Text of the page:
The anadromous eulachon is a small species of smelt that spawns in the lower reaches of coastal rivers and streams from northern California to the southern Bering Sea. The eulachon was one of the most valuable resources for the Kitamaat. The fish was central to sustenance, culture, economy, and relations with neighboring tribes. Until 1998, eulachons arrived in the rivers of Douglas Channel every March. They were the first anadromous fish to arrive after a long winter and their return signaled the beginning of spring and was celebrated by indigenous communities. The fish were cooked or smoked for eating or were rendered into oil to be used as medicine and were important for their social, cultural, and economic value. Eulachon oil was a central trade commodity and highly valued by interior First Nations. Ancient indigenous trade routes connected coastal and interior trading partners prior to contact with Europeans. The X’aisla traveled the Gilttoyees-Gitnadoiks trail and traded eulachon oil for smoked moose meat, soapberries, and buckskin moccasins, gloves, and coats with tribes from the upper Skeena watershed. The X’aisla also traded eulachon oil with their western neighbors for abalone, seaweed, red cod, black cod, halibut, clams, and herring eggs. Nearly all eulachon spawning runs have declined from California to southeastern Alaska especially since the mid-1990s. The causes of the declines are uncertain, but over-harvesting and climate change are implicated as a cause of a general decline, but other factors cannot be overlooked, including local habitat alterations and bycatch in commercial trawl fisheries. The decline of eulachons is a concern for many fisheries managers and the commercial fishing industry because eulachons are common as bycatch in shrimp trawls in some areas. The decline of eulachons has prompted specific management actions to limit eulachon bycatch, and such actions may reduce potential shrimp catches in some areas. Read more here and here. Explore more of Gilttoyees Inlet here:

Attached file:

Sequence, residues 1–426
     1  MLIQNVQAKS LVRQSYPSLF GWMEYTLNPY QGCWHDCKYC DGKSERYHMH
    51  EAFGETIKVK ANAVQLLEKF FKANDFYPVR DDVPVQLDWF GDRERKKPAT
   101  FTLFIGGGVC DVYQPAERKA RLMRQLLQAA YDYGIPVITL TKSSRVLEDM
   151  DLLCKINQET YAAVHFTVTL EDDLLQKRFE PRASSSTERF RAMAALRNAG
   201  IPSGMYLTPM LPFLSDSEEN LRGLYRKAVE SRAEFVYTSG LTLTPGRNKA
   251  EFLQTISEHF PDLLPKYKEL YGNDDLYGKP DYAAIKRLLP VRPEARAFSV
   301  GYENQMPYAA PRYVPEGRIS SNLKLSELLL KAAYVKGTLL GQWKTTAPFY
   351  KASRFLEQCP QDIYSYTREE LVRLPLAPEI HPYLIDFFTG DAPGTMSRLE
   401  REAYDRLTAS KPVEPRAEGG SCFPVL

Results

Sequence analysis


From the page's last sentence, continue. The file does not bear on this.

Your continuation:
About the background graphic

This ‘warming stripe’ graphic is a visual representation of the change in global temperature from 1850 (top) to 2022 (bottom). Each stripe represents the average global temperature for one year. The average temperature from 1971-2000 is set as the boundary between blue and red. The color scale goes from -0.7°C to +0.7°C. The data are from the UK Met Office HadCRUT4.6 dataset. 

Credit: Professor Ed Hawkins (University of Reading). Click here for more information about the #warmingstripes.

Please report any errors here

error: Content is protected !!